Reading in the Merry Month of May

It’s been a changeable old month weather-wise, this May, and that has been reflected in my choice of books. I’ve read 12 books, and only 4 of those were by male writers (and two of those were for review). I finally managed to tackle 4 from my Netgalley pile (sinking under the greed there…), 5 from my bookshelves (although two of those may have been VERY recent purchases), plus one random purchase while being stuck at the airport. 7 of the books above may be classified as crime, one was spoken word poetry and there was no non-fiction this month.

Gotta love the cloudy days of May… Lake Geneva from Vevey.


Julie Schumacher: Dear Committee Members

Louise Penny: How the Light Gets In – dare I count this as the first of my TBR20?

Helen Fitzgerald: Bloody Women

Clare Mackintosh: I Let You Go

Daniel Quiros: Eté rouge – this one counts for my Global Reading Challenge – Central and South America

Kristien Hemmerechts: The Woman Who Fed the Dogs

Quentin Bates: Summerchill – reviewed on CFL website; you can read my interview with the author here

Ragnar Jonasson: Snowblind – reviewed on CFL website; I’ve also had the pleasure of interviewing Ragnar here 

Megan Beech: When I Grow Up I Want to Be Mary Beard (poetry)

Ursula Poznanski: Blinde Vögel – a Facebook poetry group turns deadly in Salzburg – how could I resist?

Hadrien Laroche: Orphans – philosophical fable – I thereby declare this #TBR1

Sara Novic: Girl at War – survivor of the war in Croatia returns ten years later to her home country – #TBR2

These last four were all memorable in quite different ways, so I want to write more thorough reviews of them soon, so watch this space.

Siglufjordur, location for Snowblind. Picture taken by the author, Ragnar Jonasson (thanks to Twitter).
Siglufjordur, location for Snowblind. Picture taken by the author, Ragnar Jonasson (thanks to Twitter).

Crime fiction pick of the month is going to be a tie between Snowblind and How the Light Gets In. But I also have my eye on this Austrian writer Poznanski now and hope she gets translated more into English (she also writes YA and children’s fiction and is known as Ursula P. Archer in the English-speaking world).

Finally, how has writing fared this month? Some rough handwritten drafting has taken place, but it’s been another tough month, with business trips, lots of holidays and parental visits. Must do better next month (famous last words?)… The good news is that poetry has started to flow again after a long period of feeling stuck.






23 thoughts on “Reading in the Merry Month of May”

  1. So glad you enjoyed the Penny as much as you did, Marina Sofia. She’s one of my top authors, actually. And you have a nice variety in the rest of your reading!

    1. Your review of Liad Shoham may influence some changes on my #TBR20 list. I think I’ll push his Tel Aviv Suspects up the list ahead of something else.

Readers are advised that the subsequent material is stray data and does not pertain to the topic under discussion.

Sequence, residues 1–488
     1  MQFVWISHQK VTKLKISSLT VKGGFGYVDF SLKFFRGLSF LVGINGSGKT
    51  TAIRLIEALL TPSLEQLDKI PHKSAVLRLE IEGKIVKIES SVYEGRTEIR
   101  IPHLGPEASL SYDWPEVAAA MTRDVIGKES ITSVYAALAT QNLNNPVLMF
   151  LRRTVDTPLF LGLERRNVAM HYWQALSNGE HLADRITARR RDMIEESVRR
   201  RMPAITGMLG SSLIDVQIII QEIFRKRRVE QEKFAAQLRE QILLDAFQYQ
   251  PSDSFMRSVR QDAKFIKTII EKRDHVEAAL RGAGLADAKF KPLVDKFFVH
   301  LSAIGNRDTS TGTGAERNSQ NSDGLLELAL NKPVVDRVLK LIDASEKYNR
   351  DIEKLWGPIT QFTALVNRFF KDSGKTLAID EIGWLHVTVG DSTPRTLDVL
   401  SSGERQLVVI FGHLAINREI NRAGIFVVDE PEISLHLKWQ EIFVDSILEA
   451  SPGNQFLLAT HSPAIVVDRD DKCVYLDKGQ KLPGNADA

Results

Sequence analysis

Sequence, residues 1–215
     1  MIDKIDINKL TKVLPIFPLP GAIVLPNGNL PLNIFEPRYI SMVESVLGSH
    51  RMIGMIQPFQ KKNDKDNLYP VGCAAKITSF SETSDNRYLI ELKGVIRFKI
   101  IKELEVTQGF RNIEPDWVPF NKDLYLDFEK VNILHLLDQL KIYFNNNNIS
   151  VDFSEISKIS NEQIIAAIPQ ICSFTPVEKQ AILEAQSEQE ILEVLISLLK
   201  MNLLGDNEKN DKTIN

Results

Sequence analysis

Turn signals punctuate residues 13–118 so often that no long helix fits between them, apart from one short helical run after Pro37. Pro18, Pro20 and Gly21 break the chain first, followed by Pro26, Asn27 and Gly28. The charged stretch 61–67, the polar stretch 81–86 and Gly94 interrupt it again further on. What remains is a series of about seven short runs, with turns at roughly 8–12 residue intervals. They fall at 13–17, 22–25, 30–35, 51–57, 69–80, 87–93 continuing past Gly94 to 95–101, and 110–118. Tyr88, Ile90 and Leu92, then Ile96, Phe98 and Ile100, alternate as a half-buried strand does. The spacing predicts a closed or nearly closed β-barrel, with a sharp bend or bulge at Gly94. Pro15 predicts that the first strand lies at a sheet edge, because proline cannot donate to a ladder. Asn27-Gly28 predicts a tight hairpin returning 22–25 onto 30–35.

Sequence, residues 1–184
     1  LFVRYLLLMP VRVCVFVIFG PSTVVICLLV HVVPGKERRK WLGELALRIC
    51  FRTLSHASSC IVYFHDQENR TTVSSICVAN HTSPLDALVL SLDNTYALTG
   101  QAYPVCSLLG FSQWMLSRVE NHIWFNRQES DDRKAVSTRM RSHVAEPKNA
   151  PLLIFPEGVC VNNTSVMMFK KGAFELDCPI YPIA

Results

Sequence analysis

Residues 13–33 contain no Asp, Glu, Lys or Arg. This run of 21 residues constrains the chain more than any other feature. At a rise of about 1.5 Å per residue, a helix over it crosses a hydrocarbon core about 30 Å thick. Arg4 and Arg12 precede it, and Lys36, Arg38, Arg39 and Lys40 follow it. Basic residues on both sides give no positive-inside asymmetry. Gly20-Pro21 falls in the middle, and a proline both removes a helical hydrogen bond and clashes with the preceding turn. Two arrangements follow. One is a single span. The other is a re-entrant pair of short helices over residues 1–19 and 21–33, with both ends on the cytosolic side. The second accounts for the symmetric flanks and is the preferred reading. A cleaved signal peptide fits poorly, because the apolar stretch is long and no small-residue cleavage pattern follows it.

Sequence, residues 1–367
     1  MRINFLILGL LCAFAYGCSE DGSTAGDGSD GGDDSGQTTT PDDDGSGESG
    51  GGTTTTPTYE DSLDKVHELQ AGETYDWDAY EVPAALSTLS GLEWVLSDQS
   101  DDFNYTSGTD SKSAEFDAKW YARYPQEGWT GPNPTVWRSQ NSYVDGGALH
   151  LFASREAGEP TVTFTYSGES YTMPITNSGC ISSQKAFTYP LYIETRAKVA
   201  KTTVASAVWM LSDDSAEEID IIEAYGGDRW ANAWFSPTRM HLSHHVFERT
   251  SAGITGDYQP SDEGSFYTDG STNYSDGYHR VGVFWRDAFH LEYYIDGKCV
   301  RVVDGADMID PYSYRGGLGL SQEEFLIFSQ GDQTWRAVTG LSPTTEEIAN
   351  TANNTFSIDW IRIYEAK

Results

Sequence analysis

2. Louise Penny is an author I’ve yet to read but I hope to rectify that this year. I bought Snowblind and am really excited to read it.

    1. Can really recommend both. It probably makes sense to start with Louise Penny chronologically (I didn’t and at times I regret it). And Snowblind is a fun read, though claustrophobic, not the usual gloomy Nordic read at all.

  3. I’ve yet to try Louise Penny. The Tv film version of Still Life isn’t getting very good reviews, but I’ll probably try watching it anyway.

    1. I didn’t even know there was a film version of it. I may not watch it though, as I have such a clear picture in my head of what Three Pines should look like and all its inhabitants, I don’t want to spoil that image…

  4. Despite your busy month…you got a lot of reading and writing done.
    Loved the ex-pat poem, I know how it feels.
    The CF that caught my eye is Snowblind. Sounds like great!

    1. No, it was the Poznanski one, because I was stuck in the airport in Hamburg and felt like trying a German language author I hadn’t heard of before.

  5. oh my – that one with the fb poetry group turning deadly sounds interesting (and scary) for sure… will put some of them onto my future reading list…

    1. Will have a review of that one up shortly – I had to pick it up because of dVerse, as you can imagine, but I hope we’re not quite as deadly over there…

  6. Love the pic of Lake Geneva – exactly as I remember it – I was there Spring 2003 with work & would li e to return wih family.

    Some great books in your 12 – Bloody Women is already on my TBR and fancy that soon.

  7. I read ‘I let you go’ whilst stuck at an airport hence my question – I nearly missed my flight in the end – emotionally exhausted by the time I boarded! I’ve wound up reading books one after the other that I have simply been directed to on kindle due to previous choices. Loving most of them. The Girl on the Train was pretty good. Black Wood is great. The Ice Twins too and now trying a sample of The Broken (Tamar Cohen).

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